Calculator Activity - 1
This calculator activity is an extension of one which was published as part of the National Numeracy Strategy in 1999. It has a dual focus; the first one (as you might expect) is to involve the children in accurately using a calculator. The second is to engage the children in reading numerical vocabulary.
Here's the activity:
The downloadable* sheets contain a series of 32 individual question cards. Print out, and then cut up into separate cards
Let the children work in pairs, give each pair a number of cards, and a calculator.
In their pairs the children take it in turns to be the 'reader' and the 'calculator'. The 'reader' selects a card and calls out the numbers (keeping the 'Check' value hidden). Their partner listens carefully and enters the numbers into the calculator, adding them in the process. Once complete, the child with the calculator reveals the total, if it matches the 'Check' value on the card they know the reader and the calcuator user were both accurate. They can keep the card.
If the sum and the 'Check' number does not match they should replace the card in order to repeat it again later.
The children swap roles and continue until all of their cards have been used.
- The cards are split into two (colour coded) sets: first 16 cards focus on only 'Hundreds, Tens and Units'; the remaining 16 cards include 'Thousands' and 'Tenths'.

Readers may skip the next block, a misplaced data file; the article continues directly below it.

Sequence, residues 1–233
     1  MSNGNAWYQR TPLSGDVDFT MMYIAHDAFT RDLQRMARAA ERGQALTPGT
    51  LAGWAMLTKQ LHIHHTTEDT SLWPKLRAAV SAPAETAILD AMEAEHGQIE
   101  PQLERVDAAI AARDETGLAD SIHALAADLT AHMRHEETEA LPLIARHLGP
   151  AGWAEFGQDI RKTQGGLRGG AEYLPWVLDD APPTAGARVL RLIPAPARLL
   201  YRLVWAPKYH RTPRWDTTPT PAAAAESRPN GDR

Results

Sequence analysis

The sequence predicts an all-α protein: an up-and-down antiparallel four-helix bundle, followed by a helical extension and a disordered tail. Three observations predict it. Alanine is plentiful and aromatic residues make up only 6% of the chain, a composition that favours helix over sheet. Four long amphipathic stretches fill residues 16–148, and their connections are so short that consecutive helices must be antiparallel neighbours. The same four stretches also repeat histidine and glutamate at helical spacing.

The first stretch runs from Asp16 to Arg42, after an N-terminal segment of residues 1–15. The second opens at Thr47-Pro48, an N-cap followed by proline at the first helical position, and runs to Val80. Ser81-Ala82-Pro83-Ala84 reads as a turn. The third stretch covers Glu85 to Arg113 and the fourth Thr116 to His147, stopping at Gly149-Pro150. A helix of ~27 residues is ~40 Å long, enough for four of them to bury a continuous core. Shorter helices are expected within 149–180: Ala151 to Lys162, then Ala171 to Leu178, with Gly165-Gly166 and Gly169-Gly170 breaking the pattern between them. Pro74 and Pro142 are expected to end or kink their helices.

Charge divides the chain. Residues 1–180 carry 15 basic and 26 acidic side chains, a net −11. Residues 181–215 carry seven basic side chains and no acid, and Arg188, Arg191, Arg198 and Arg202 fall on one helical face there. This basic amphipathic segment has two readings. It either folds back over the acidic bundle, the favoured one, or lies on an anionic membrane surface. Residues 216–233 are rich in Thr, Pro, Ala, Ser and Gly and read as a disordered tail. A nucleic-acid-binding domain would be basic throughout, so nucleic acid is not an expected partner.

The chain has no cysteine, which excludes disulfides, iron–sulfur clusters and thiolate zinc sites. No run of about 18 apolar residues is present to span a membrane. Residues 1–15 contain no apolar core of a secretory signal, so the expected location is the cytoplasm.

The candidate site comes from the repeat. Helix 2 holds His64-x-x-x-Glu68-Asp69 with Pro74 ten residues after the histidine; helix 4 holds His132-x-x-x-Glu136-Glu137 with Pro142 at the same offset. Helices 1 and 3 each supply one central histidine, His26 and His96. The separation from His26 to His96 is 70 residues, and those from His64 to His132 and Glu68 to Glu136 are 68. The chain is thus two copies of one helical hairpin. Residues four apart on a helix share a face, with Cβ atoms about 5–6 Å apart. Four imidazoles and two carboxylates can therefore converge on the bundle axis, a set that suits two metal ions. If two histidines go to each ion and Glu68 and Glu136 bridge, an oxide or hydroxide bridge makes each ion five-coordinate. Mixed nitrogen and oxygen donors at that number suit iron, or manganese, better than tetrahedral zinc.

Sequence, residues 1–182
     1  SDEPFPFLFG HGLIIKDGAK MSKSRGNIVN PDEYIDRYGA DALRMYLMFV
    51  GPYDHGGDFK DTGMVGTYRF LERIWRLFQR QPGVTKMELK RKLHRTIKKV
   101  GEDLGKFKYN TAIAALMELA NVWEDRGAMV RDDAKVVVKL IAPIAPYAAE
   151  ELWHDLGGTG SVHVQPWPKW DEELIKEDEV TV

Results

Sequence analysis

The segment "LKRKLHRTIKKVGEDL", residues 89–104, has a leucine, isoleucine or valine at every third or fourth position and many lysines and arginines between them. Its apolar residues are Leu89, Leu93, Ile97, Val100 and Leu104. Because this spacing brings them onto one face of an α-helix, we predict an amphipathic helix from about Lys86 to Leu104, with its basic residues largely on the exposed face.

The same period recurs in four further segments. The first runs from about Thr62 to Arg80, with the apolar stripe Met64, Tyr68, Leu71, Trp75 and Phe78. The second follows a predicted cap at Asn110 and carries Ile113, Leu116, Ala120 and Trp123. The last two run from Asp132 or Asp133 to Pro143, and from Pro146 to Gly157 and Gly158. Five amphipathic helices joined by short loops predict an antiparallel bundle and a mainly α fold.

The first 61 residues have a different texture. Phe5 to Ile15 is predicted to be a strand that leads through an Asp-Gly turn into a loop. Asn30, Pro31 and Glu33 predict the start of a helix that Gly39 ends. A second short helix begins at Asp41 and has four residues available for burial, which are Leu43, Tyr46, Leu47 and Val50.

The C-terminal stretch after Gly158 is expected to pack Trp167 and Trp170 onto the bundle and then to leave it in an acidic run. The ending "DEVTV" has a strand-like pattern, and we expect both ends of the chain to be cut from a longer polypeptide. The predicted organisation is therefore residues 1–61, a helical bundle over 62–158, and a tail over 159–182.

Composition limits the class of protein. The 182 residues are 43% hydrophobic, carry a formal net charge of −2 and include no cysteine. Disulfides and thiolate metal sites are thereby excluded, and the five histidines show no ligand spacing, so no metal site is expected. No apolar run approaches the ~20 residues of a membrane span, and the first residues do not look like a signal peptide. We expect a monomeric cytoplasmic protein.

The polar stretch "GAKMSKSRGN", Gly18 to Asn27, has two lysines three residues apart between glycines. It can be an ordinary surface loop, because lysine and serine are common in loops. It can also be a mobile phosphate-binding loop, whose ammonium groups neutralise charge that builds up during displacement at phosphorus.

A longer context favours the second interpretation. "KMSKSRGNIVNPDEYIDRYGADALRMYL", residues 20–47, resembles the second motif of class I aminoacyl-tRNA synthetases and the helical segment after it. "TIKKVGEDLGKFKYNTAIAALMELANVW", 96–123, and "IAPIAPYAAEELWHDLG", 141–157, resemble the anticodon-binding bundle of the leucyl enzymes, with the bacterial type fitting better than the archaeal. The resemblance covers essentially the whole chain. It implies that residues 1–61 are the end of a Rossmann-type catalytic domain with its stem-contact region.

- The numbers have not been chosen at random. They have been specifically selected to give children practice recognising and using some of the more difficult combinations (for example: Two hundred and thirty-one; Three hundred and twenty-one; One hundred and twenty-three).
- Similarly, the 'Check' numbers have been chosen so that they are easy to identify; most are palindomes, or easily recognisable numbers.
- The activity can be timed, eg. how many cards can you complete correctly in 10 minutes?
- As an extension, the 'reader' can be asked to omit one of the numbers from the list, and instead tell their partner the target value (the 'Check' number) to see if they can determine which number was missed out.
- A child could carry out the activity independently. The 'Check' numbers are low down on the cards so that if the calculator is placed over the lower part of a stack of cards, they can still enter the numbers and 'test' themselves before pulling the card up to see compare their results.
As always, let me know how useful you find these... or if you think of further adaptations.
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